Oil prices are back near pre-Ukraine war levels
U.S. oil prices briefly fell to their lowest level since 2021 on Monday, as investors braced for a further slowdown in China's economy.
Why it matters: The surprising decline in energy prices over the last few months should further ease inflation pressures, potentially setting up the Fed — and other central banks — to slow the interest rate hikes that hammered markets this year.
The big picture: Six months back, the world seemed at risk of running dangerously short of oil and gas, due to Russia's attack on Ukraine. Now, oil prices are back to pre-war levels and prices at the pump are falling.
- In June, U.S. gasoline prices topped $5 a gallon for the first time. Now they're a bit higher than $3.50.
- Benchmark U.S. crude oil — the West Texas Intermediate futures contract price — was more than $120 a barrel that month, prompting a series of releases from the U.S. Strategic Petroleum Reserve. Now they're almost 40% less, touching sub-$74 levels on Monday before rebounding slightly.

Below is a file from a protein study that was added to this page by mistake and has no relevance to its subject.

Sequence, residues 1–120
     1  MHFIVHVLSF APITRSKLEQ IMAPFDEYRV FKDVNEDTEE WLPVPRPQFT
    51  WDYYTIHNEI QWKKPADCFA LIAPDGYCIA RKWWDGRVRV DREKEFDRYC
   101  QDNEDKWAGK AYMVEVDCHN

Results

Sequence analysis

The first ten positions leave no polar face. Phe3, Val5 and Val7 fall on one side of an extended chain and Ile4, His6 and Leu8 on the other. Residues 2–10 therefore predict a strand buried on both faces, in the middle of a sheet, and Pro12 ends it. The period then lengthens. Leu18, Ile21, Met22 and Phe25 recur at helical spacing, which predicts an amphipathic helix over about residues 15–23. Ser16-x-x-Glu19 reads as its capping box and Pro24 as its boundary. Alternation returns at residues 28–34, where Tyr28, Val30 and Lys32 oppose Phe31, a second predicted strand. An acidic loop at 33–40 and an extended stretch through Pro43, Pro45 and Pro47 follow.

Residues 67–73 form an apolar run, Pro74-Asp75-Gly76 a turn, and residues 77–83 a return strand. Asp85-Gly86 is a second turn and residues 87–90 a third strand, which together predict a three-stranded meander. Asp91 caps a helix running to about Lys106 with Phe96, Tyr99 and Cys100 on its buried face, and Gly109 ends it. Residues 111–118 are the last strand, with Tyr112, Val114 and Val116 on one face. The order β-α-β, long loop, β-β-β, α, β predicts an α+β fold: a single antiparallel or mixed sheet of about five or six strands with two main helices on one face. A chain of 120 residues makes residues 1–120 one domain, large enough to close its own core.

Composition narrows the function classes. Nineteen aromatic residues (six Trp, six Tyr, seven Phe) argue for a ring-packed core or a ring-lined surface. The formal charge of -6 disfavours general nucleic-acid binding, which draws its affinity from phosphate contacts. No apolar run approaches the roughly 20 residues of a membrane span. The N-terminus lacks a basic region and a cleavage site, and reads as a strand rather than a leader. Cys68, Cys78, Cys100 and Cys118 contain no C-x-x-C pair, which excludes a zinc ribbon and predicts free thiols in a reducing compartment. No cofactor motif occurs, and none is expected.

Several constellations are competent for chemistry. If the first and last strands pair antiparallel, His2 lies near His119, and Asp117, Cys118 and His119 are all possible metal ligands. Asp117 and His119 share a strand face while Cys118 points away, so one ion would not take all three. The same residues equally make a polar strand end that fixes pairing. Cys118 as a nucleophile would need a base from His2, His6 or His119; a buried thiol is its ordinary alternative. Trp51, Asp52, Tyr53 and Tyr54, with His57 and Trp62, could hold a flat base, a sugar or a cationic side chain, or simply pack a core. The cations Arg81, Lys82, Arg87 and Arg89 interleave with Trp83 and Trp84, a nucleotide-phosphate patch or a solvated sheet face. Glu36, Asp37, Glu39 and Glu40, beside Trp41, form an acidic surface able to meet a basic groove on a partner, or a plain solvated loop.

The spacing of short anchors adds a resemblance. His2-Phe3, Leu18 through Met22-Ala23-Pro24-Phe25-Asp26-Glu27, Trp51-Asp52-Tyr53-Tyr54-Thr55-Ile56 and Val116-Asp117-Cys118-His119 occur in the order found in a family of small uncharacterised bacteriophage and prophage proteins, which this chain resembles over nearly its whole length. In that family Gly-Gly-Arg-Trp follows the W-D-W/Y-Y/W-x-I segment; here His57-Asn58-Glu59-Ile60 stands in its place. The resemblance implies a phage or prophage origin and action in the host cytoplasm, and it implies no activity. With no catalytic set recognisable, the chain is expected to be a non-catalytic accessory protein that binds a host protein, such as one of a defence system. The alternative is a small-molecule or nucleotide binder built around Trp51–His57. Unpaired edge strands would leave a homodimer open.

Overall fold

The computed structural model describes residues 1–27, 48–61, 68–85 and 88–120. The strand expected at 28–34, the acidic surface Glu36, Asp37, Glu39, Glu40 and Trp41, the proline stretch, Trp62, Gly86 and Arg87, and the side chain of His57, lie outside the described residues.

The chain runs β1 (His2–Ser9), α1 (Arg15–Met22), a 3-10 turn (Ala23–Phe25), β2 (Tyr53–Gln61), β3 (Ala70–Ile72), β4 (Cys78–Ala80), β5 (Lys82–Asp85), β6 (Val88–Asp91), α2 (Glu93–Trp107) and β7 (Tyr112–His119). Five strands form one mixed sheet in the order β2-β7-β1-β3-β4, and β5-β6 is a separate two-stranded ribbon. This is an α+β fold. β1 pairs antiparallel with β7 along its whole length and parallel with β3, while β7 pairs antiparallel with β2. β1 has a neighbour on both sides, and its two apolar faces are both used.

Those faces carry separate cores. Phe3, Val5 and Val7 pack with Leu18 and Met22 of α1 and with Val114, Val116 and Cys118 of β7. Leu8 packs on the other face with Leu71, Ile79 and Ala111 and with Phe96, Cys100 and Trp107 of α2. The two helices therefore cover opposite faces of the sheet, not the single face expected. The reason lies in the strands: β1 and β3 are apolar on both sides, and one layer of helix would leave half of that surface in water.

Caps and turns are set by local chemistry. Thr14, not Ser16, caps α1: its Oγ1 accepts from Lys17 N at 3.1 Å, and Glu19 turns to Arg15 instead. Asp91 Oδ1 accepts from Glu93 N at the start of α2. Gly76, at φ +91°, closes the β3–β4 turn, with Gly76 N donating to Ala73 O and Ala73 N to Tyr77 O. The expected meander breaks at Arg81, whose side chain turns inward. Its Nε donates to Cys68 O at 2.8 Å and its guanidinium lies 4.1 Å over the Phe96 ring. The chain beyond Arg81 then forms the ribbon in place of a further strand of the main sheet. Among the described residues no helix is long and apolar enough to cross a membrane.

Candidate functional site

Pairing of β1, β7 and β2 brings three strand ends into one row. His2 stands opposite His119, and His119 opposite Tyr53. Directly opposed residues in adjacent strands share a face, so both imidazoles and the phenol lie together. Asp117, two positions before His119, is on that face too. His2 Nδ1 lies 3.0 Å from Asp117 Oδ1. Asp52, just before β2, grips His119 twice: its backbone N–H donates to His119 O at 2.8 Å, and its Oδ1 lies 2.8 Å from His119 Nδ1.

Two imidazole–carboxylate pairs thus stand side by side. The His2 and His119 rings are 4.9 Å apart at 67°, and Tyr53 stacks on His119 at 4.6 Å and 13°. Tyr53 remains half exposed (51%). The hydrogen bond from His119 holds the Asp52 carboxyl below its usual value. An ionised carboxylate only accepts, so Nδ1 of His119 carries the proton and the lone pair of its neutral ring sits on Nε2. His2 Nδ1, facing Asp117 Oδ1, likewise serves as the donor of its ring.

- In Europe, prices for natural gas — which Russia largely supplied — soared to records in August, as nations rushed to stockpile gas supplies for winter. They're down 60% since then.
State of play: The tumble is tied to the situation in China, where drastic COVID-related lockdowns of major urban centers — and a rash of protests in response — have upended the economy, potentially adding to the drag on economic growth this year.
- The recent burst of protests against the lockdowns is also adding an unexpected element of political uncertainty.
- Meanwhile, in Europe, governments stockpiled Russian gas while they still could and tapped new sources of liquified natural gas. Conservation efforts cut usage and a lucky stretch of mild weather reduced heating demand. There's likely enough stockpiled to get through the winter now.
- In the U.S., oil prices — tightly tied to expectations of global growth — first slumped as expectations for a recession in Europe, and to a lesser extent, the U.S. itself grew in recent months.
What we're watching: The Dec. 4 meeting of OPEC and its partner Russia in Vienna, and whether the powerful oil cartel will cut production to try to keep oil prices from dropping more.